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Published: Friday, February 06, 2009

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Calyon Japan

"The layout and the positions of the important spaces were dictated by unique position of the building. On one side it looks on central Tokyo with Mount Fuji’s silhouette on the horizon. In the evening it is often possible to see amazing purple or blood red sunsets." says George Dasic Architects on Calyon Japan.

By: George Dasic Architects

Architecture-Page | Calyon Japan by George Dasic Architects
Reception Hall with market ticker.

Project details

  • Project Name: Calyon Japan
  • Location of Site: Tokyo. Japan
  • Design Team: George Dasic; Shunichi Tajima; Benigna Iwasaki, Reiko Fukushi; Tamaki Suzuki
  • Project Type: Office interior
  • Client: Calyon Japan
  • Contractor/s: Sumitomo R & D
  • Built-up Area: 5000 sq m
  • Date of completion: November, 2004

Architecture-Page | Calyon Japan by George Dasic Architects
Room configuration allows for the glimpses of Tokyo skyline.

Words from the architect

The Program called for a trading room, back office; communications rooms, clients and conference center, reception area plus associated infrastructure.

The layout and the positions of the important spaces were dictated by unique position of the building. On one side it looks on central Tokyo with Mount Fuji's silhouette on the horizon. In the evening it is often possible to see amazing purple or blood red sunsets. On the other side it looks on to Hama-rikyu Park, which is regarded as one of the finest example of Edo-period Japanese Gardens in Tokyo.

Architecture-Page | Calyon Japan by George Dasic Architects
Internal cladding was done using Vectogramm panels.

The program called for a large number of rooms organized around internal corridors. We began to think of the "corridors" as "streets" and of the rooms being physically separated as "buildings". Investment banking requires confidentiality and this solution also led to the elimination of sound leakage from adjacent rooms as well as drastically limiting noise transfer through the air conditioning systems.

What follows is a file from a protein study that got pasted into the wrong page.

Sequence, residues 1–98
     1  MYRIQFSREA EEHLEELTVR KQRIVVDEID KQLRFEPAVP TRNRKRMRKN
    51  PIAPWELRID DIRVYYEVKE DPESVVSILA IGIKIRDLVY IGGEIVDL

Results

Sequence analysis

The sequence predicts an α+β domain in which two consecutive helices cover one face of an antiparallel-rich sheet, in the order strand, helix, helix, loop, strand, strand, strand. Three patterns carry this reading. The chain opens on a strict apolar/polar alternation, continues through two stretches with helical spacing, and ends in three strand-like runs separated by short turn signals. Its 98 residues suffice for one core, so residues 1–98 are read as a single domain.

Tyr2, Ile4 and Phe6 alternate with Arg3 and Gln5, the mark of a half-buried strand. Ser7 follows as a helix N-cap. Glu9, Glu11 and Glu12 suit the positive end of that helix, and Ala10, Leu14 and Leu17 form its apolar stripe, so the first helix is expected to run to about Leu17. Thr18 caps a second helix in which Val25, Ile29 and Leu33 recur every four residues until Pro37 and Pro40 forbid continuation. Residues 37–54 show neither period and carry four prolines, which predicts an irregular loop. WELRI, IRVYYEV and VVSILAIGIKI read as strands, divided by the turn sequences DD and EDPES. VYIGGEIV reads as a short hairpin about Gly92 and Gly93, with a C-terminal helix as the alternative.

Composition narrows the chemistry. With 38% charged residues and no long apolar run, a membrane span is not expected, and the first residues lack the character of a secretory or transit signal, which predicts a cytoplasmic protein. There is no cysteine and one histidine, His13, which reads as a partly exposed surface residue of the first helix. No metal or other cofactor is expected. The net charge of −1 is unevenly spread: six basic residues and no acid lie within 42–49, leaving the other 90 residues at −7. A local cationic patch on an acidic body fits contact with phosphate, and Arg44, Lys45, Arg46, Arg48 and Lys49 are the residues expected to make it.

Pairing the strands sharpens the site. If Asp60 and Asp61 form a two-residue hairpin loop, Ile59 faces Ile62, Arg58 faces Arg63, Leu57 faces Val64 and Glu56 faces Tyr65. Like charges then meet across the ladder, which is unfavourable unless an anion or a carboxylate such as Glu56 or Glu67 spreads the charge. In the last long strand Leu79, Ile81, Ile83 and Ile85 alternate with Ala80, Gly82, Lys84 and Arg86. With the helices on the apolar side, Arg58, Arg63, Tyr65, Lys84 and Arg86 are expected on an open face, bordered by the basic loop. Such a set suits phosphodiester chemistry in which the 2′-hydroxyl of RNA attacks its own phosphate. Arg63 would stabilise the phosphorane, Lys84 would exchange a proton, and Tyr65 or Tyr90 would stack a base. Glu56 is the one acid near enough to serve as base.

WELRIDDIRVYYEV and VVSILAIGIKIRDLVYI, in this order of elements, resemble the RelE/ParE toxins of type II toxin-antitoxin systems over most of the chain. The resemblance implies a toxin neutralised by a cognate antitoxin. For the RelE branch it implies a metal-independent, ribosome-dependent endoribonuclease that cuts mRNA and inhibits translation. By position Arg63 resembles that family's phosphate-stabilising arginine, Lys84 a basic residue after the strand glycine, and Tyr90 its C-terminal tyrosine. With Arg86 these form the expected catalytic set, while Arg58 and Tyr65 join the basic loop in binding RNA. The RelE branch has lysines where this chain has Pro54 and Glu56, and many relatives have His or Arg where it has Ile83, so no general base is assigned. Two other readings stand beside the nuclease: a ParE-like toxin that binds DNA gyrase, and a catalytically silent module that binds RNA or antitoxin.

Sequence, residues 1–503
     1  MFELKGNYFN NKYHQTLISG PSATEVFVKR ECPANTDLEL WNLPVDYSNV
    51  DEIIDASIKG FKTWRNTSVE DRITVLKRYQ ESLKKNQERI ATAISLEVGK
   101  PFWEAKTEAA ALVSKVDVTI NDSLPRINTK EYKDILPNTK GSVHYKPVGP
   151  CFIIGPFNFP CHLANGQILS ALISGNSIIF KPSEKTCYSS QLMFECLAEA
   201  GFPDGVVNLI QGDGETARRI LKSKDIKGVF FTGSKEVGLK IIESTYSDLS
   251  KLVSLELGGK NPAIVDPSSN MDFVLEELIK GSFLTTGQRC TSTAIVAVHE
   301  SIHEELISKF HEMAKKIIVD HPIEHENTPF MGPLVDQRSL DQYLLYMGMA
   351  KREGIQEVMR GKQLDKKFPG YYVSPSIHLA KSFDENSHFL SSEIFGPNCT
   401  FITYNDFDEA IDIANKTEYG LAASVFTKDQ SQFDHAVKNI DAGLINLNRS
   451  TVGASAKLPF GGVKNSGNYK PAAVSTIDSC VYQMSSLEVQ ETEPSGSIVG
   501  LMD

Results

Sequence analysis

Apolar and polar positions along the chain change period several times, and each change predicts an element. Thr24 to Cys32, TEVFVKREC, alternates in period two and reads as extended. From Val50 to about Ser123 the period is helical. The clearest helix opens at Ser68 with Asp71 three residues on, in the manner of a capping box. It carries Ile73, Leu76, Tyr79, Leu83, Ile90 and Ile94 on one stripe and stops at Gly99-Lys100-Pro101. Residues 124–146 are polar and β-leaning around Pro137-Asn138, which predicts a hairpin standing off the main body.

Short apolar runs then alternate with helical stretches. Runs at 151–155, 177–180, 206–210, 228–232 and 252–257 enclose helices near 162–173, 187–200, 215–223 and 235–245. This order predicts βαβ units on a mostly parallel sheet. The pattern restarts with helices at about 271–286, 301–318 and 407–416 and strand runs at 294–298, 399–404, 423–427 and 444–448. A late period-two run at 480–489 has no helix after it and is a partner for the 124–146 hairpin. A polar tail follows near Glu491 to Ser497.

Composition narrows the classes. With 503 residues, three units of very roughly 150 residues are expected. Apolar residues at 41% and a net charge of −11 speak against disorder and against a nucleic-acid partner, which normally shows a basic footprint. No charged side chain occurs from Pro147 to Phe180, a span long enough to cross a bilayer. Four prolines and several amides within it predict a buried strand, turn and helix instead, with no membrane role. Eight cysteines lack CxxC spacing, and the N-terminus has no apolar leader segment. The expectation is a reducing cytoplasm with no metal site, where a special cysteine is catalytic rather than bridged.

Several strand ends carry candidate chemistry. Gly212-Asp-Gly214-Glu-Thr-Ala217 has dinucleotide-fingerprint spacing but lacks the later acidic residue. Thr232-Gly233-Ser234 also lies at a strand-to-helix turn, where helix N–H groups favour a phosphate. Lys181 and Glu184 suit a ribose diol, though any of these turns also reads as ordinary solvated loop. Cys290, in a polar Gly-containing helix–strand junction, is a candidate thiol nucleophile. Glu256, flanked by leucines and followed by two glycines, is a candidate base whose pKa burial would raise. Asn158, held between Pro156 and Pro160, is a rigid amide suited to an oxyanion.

As a result we started viewing the spaces as free standing "glass objects" with interconnected play of forms and proportions. This led to an extensive "play" of moving "objects" around the plate in order to find an ideal solution which would satisfy two main objectives: 1. Functional hierarchy of the required spaces and 2. Proportional relations between different "objects".

Architecture-Page | Calyon Japan by George Dasic Architects
Each room has double skin providing for a full sound insulation as well as sculptural floor topography.

While looking for the materials to use for the walls we came across a new, intriguing technology developed by a small but creative German company from Darmstadt, P+P Holzbau, called Vectogramm. It is a technology which allows an image (text, picture, drawing...) to be digitally transferred to a special "cutting' mechanism which can engrave images on to almost any surface.

Architecture-Page | Calyon Japan by George Dasic Architects
Vectogramm becomes “alive” with the sun and light.

We developed a concept where all the surfaces would be "imprinted" with a "pattern", a kind of "digital wall paper". In a way this brought a kind of French baroque aesthetic into Japanese feeling of light and minimalism. The motif we selected was based on the ivy that covers houses in Paris.

Architecture-Page | Calyon Japan by George Dasic Architects
Board room has spectacular sunset views.

There are three distinctive functional zones that governed space configuration. Majority of the space is dedicated to offices. The largest room is the trading floor which houses heavy technology. Third, and for us the most interesting space was visitors and conference centers.

Credits

  • Text: George Dasic Architects
  • Photographs: Peter Cook

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